Black Cats held by battling Palace
Fabio Borini was denied a priceless winner by the crossbar as Sunderland were held to a costly draw by fellow strugglers Crystal Palace.
The Italian rattled the woodwork with seven minutes remaining in a game which ultimately ended 0-0 after Palace keeper Julian Speroni made a vital 51st-minute save from substitute Jozy Altidore.
Victory would have taken Sunderland above the Eagles on goal difference, but the home side passed up a series of chances to make their dominance tell with Steven Fletcher particularly guilty before he was replaced at the break.
The Black Cats have won just one of their last eight home league games, and might have left-empty-handed had Kagisho Dikgacoi not wasted a glorious late chance to win it for the visitors.
Sunderland boss Gus Poyet was stung by criticism of his team selection for last Sunday's FA Cup sixth round defeat at Hull, but insisted in advance that would have little bearing on the decision-making for a fixture he had dubbed the most important of the campaign.
In the event, he made seven changes as the likes of Vito Mannone, Wes Brown and Liam Bridcutt returned, although Capital One Cup final starters Lee Cattermole and Jack Colback found themselves sitting on the bench.
It was a game Sunderland really had to win if they are to launch a successful fight against the drop, and they made a fist of it in the opening 45 minutes as they took the game to Palace without ever looking like conceding.
However, they rarely looked like scoring either as the problem which has hampered them for much of the campaign to date showed little sign of abating.
Poyet has been searching since his arrival in October for a man to spearhead his attack with either Fletcher or Altidore usually employed in the loan striking role which was handed, with some success, to Fabio Borini in the Capital One Cup final.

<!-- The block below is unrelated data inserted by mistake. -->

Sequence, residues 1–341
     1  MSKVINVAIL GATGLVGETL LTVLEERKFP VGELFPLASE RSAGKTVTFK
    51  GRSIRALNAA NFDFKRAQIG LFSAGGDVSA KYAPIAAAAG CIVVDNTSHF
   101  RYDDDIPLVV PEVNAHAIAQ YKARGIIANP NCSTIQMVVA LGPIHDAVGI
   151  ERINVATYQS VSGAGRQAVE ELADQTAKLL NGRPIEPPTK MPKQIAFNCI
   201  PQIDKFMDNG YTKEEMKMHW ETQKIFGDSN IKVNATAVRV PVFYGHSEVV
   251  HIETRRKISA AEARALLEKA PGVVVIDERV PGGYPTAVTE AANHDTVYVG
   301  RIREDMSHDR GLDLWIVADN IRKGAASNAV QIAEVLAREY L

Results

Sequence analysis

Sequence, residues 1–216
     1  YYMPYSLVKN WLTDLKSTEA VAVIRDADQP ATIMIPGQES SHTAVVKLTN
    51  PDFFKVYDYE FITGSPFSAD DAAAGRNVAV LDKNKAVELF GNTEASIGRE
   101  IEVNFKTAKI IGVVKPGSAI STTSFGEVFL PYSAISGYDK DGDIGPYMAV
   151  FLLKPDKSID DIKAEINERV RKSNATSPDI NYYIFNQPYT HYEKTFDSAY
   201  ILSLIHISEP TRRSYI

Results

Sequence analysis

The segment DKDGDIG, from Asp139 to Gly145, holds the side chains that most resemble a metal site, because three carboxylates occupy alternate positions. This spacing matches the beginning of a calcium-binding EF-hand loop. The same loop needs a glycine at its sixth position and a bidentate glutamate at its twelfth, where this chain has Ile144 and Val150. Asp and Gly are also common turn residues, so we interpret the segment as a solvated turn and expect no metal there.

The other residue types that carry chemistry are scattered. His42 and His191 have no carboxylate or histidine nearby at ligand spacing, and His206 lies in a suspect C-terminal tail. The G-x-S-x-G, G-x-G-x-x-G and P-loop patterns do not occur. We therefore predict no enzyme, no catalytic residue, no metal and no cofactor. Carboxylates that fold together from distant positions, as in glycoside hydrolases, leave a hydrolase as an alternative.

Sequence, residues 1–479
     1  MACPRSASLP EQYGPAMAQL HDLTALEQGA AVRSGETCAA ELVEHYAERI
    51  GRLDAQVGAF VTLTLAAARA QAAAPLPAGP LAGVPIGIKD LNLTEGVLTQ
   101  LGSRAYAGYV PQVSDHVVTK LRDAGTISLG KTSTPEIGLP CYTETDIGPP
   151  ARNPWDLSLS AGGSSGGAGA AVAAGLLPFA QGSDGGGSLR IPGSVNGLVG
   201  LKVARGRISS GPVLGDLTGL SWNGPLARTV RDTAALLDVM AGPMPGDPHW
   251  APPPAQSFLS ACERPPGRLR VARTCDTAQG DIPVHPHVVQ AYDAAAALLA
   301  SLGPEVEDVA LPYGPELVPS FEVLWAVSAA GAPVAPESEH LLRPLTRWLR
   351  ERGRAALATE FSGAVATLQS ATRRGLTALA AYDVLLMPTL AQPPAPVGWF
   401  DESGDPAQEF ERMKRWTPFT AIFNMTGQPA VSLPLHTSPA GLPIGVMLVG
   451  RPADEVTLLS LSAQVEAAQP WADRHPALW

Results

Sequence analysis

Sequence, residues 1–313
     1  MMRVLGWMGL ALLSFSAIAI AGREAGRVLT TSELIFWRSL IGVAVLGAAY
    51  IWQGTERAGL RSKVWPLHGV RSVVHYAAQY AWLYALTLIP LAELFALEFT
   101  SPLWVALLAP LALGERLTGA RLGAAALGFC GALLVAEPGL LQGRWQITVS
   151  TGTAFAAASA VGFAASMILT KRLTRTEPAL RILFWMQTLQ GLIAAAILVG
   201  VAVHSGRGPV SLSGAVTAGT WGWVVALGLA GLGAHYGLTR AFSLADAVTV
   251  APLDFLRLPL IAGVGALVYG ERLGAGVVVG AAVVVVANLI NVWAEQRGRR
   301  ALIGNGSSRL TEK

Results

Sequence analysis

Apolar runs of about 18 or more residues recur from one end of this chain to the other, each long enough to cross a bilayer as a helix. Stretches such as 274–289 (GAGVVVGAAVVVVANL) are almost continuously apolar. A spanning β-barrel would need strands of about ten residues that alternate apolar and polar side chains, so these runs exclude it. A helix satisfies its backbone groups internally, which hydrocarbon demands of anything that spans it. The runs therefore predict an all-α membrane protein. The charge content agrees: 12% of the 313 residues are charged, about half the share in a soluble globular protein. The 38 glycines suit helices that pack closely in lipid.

It was Scotland international Fletcher who got the nod once again on Saturday, but opportunities - admittedly half-chances - came and went.
The former Wolves frontman failed to connect properly with Adam Johnson's first-minute cross and then under-achieved with two audacious back-heeled attempts from deliveries from Borini and Johnson.
They were the kind of chances he dispatched with aplomb during his early months on Wearside, but it is simply not happening for him in front of goal when his team needs it most.
Full-back Marcos Alonso had earlier thumped a long-range effort into Speroni's midriff and Borini volleyed acrobatically wide from Thomas Ince's miscued clearance two minutes before the break.
For their part, Palace, who had full-backs Adrian Mariappa and Joel Ward both booked inside the opening 13 minutes, offered little going forward, and their only real opening came courtesy of a slip by Mannone.
The Italian stumbled as he attempted to clear and bundled the ball to Ince, but he recovered in time to claim the midfielder's tame 31st-minute shot.
Fletcher was put out of his misery at the break when he was replaced by Altidore, who might have made his mark within six minutes.
The United States international miscontrolled Brown's ball over the top, which looked to have put him in on goal, but recovered his composure to spin and fire in a left-foot shot which Speroni managed to tip over.
Borini volleyed high over from Bridcutt's cross four minutes later with Sunderland continuing to dominate, although they were served warning of the visitors' threat on the break within seconds when Yannick Bolasie forced a save from Mannone.
However, there was little or no quality from either side in the final third as Speroni and Mannone were virtual spectators.
Jerome might have caught out Mannone with a clever near-post flick from Ward's 75th-minute corner, but the Italian was well placed to pluck the ball from underneath his crossbar.
Borini might have snatched victory with seven minutes remaining when he ran on to Ki Sung-yueng's through-ball only to crash a rising drive against the bar with his follow-up flying inches wide, but Dikgacoi blazed inches wide with a minute remaining when he might have done better.